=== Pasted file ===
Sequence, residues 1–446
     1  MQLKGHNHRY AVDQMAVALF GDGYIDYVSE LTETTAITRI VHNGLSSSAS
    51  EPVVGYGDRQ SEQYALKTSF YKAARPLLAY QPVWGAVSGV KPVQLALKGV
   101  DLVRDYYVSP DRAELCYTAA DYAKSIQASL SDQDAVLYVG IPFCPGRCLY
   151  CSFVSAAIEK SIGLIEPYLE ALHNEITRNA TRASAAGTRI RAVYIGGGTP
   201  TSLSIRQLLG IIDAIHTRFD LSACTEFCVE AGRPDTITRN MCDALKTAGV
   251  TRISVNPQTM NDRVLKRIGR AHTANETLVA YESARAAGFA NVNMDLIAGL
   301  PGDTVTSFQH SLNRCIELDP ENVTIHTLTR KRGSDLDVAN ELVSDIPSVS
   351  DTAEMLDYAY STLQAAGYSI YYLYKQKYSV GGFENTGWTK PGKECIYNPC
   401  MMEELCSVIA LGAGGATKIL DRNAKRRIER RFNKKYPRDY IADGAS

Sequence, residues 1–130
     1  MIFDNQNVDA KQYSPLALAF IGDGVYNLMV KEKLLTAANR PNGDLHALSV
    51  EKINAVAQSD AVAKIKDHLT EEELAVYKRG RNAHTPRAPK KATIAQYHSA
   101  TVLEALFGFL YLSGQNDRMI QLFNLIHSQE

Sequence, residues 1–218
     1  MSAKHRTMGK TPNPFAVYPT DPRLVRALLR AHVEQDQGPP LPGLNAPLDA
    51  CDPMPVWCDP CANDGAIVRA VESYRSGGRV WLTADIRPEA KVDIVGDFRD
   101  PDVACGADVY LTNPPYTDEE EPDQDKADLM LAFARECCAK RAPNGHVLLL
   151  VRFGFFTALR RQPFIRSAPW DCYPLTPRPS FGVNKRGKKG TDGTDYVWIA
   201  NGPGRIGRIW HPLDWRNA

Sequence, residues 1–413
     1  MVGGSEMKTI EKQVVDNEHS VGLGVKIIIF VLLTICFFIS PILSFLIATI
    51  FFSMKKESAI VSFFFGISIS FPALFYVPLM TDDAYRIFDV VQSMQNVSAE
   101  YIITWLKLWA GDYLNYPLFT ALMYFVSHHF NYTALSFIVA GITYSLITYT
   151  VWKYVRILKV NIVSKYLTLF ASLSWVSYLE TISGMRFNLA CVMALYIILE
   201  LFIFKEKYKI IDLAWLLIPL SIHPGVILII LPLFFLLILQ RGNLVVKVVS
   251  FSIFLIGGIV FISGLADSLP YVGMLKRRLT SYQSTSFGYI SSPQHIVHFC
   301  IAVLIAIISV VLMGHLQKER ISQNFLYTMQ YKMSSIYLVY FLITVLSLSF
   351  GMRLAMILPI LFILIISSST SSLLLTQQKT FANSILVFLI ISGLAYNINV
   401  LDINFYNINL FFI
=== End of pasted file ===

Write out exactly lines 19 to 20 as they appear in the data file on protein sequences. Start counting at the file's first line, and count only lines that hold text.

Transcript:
   151  VRFGFFTALR RQPFIRSAPW DCYPLTPRPS FGVNKRGKKG TDGTDYVWIA
   201  NGPGRIGRIW HPLDWRNA